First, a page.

There are a few little things you can do to boost your credit score:

  • Making credit card and mortgage repayments on time, consistently
  • Making bill and rent repayments on time (also consistently)
  • If you do have debts, then paying them off or consolidating them onto a single loan/balance transfer
  • Lowering your credit card’s limit
  • Not maxing out credit cards – it’s generally recommended to spend about 30% of your credit limit to show control
  • Not applying for too many cards and loans
  • Being older (if you’re young, try to get older! Credit scores can be slightly affected by age, as older people tend to be more responsible).

You can’t immediately increase your credit score – these steps are things that have to be taken over time, so it’s generally better to start some positive behaviours such as these ahead of time if you know you’re going to need a loan in the not-too-distant future.

Note: you can ask for revisions to be made to your credit report if you’ve found errors. For example, a debt might be listed twice, or it might incorrectly have put down a missed payment that you did make. If you notice a mistake, you have 12 months to report it to your reporting agency, your credit provider or the Office of the Australian Information Commissioner. This can boost your credit score, but only if a mistake was made in the first place.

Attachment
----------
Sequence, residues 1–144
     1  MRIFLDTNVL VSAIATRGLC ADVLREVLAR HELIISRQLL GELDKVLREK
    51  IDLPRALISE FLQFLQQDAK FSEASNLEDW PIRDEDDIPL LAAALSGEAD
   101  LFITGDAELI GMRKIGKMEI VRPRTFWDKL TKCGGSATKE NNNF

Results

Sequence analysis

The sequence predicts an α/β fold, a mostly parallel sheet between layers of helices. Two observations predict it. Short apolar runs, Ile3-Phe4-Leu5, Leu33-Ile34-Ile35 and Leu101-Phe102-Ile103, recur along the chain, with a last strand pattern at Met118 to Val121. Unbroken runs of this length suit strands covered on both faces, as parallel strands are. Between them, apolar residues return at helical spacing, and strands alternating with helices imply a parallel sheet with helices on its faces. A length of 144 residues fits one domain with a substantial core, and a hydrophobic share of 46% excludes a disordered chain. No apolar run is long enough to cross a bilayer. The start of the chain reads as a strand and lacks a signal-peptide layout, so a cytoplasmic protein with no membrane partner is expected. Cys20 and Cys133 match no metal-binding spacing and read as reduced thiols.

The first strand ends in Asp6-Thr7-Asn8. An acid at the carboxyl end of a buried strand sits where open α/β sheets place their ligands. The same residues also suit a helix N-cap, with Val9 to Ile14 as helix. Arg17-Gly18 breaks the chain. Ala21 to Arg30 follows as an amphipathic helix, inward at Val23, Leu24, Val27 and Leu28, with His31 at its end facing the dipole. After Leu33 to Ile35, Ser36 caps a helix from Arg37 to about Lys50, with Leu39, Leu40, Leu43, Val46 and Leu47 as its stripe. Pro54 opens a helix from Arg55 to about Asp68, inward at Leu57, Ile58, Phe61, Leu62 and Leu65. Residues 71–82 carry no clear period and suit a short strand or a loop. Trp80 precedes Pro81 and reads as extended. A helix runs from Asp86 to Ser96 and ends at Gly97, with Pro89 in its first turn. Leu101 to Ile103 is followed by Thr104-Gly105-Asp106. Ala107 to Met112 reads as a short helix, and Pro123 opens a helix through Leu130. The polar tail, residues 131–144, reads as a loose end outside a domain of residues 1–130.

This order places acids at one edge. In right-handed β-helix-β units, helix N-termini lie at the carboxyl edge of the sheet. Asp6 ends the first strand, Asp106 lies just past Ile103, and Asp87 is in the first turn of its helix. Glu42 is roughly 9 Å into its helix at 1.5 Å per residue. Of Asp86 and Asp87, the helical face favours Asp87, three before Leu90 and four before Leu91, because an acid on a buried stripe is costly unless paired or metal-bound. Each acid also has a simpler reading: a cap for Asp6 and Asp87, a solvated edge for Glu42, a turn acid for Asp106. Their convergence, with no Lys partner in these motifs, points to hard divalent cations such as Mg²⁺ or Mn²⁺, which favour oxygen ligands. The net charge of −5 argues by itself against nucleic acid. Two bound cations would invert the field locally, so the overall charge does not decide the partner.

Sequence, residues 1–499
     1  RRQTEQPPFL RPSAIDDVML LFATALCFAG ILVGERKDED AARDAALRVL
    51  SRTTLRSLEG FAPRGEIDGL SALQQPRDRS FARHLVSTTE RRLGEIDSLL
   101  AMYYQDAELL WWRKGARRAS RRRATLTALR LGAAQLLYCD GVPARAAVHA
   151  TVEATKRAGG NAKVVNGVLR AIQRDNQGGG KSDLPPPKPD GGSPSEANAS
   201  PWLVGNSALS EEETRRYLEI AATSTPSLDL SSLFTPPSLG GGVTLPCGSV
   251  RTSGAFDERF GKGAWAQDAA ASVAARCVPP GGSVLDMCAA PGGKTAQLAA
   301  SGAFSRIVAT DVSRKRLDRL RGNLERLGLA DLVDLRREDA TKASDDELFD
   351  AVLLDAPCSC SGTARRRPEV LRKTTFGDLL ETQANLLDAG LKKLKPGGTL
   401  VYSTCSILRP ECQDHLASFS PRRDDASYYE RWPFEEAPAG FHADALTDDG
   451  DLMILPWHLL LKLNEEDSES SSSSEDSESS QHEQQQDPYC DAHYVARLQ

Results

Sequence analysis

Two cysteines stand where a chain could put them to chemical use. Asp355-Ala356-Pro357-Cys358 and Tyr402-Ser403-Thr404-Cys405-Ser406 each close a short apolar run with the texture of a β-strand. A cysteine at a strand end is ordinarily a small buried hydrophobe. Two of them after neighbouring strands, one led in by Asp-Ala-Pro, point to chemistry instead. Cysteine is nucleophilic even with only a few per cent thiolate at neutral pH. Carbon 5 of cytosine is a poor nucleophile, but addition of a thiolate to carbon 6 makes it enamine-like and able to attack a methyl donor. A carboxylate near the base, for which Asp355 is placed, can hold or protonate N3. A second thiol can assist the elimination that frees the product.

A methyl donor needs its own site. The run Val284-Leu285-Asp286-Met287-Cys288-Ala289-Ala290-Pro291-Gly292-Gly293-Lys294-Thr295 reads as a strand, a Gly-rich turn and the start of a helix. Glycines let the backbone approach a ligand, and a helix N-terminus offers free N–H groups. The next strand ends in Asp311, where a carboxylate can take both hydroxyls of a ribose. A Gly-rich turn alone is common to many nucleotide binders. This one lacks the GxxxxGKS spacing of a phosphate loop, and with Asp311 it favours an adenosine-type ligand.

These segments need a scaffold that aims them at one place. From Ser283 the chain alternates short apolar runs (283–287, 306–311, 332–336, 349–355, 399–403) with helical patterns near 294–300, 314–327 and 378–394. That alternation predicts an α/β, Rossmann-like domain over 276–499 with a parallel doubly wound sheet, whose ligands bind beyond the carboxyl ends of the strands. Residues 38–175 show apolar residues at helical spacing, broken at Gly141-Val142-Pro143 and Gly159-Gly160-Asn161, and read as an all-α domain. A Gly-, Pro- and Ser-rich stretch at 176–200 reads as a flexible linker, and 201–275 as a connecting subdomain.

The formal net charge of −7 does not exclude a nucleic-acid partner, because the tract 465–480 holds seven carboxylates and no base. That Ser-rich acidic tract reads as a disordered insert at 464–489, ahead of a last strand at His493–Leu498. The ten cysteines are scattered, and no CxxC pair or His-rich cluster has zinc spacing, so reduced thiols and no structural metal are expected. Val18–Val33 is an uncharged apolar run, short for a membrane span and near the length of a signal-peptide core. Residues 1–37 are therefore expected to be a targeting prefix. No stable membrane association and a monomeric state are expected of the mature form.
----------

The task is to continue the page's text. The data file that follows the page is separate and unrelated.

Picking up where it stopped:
What harms a credit score

Looking at what can help a credit score, it probably doesn’t take much to figure out what can harm it:

Contrary to some myths you might have heard, checking your credit score doesn’t affect your credit score in the slightest.

Comprehensive credit reporting coming in hot